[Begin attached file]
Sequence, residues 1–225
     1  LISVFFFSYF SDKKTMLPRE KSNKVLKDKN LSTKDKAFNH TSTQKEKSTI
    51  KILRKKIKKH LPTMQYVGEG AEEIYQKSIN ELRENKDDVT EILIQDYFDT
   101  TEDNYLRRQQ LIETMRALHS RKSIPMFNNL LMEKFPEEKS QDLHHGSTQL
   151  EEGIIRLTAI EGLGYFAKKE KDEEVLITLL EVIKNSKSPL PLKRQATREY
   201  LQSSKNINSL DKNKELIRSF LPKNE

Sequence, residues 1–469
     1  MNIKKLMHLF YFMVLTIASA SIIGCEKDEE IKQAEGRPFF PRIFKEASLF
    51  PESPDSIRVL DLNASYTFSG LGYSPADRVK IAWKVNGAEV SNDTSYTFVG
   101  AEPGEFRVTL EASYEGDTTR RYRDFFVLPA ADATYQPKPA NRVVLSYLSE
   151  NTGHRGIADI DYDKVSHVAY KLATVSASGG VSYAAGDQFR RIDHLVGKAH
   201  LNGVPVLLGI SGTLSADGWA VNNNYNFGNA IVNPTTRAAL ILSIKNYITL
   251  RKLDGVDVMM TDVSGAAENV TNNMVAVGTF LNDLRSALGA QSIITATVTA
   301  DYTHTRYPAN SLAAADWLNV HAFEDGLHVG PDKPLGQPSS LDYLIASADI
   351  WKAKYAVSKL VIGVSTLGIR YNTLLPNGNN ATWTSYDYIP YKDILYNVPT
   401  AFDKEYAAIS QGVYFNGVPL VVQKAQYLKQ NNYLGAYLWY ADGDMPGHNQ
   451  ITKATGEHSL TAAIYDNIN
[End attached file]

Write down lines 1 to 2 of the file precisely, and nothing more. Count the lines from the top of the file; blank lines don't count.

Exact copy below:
Sequence, residues 1–225
     1  LISVFFFSYF SDKKTMLPRE KSNKVLKDKN LSTKDKAFNH TSTQKEKSTI